Until the bills on pension reform were enacted in the last regular Diet session, the system had been reviewed every five years. However, voices were raised that this conventional approach left uncertainty about the future of the pension system and people expressed their unease. Against such a backdrop, the pension system was reformed to make it sustainable, by setting a ceiling on the amount of premiums to be paid into the employees' pension plan in the future at 18.3 percent and the minimum amount of benefits when they start being received at 50.2 percent of the average income of the current working generation.

Had these bills not been enacted, the premium for the employees' pension plan would have had to be raised to around 30 percent, failing which the total deficit of the employees' pension plan and the national pension plan would soar to eight trillion yen in five years.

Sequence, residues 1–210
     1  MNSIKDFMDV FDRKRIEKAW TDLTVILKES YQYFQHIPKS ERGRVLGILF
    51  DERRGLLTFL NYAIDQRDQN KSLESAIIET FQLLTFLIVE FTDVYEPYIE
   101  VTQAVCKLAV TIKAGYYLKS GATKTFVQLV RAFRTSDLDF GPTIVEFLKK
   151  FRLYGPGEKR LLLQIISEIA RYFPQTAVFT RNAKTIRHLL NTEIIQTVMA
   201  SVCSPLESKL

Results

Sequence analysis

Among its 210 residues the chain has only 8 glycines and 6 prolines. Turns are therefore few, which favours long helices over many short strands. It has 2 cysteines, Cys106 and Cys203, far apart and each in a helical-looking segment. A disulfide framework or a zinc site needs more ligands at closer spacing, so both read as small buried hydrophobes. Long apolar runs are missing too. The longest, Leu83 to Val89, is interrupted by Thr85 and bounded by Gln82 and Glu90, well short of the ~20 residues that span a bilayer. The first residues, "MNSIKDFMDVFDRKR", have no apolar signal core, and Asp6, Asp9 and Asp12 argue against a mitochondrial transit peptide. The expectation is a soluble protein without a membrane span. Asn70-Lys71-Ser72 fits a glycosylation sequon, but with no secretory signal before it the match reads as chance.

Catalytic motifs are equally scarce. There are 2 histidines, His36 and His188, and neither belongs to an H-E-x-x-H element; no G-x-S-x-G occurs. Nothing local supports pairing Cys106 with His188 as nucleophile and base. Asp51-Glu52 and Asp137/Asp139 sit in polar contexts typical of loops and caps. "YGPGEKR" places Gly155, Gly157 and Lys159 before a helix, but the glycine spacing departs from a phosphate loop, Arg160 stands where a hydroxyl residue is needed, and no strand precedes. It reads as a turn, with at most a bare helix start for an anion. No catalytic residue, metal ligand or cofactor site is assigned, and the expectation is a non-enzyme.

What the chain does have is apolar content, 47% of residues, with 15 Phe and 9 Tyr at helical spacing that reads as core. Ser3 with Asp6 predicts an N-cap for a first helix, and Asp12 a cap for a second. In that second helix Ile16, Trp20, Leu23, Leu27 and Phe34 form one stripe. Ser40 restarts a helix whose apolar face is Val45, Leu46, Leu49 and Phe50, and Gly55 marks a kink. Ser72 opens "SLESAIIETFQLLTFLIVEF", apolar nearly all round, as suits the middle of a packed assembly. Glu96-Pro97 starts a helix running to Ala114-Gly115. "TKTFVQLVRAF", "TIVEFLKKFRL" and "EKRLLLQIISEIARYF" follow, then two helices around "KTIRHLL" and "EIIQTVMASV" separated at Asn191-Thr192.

Through Diet deliberations, pension premium usage, the issue of nonpayment and that of the Social Insurance Agency were brought to our attention.

There are those who are urging a hike in consumption tax to ensure a funding base of the pension system in the future.

However, I believe that during my tenure in office, which will be for another two years at most, we are not likely to see an environment that would support a consumption tax increase hike. I certainly welcome discussions about the consumption tax. Once more, I would like to emphasize that within the next two years the environment will not be one in which consumption tax could be raised. Instead, we shall look into the many other outstanding issues, including elimination of wasteful use of funds.

Greenpia and other recreational and sports facilities were constructed using pension premiums. The idea behind this was that since it would take time for those paying the premiums to start receiving benefits, there should be some merits for the premium payers as well. During the late '60s and early '70s, both ruling and opposition parties urged the government to construct such facilities by adopting supplementary resolutions in the Diet. When I was serving as Health and Welfare Minister, I was the first to raise the question as to whether it was necessary for the state to build such recreational facilities using pension premiums, when they could just as well be built by the private sector. Accordingly, I proposed that this practice be abolished.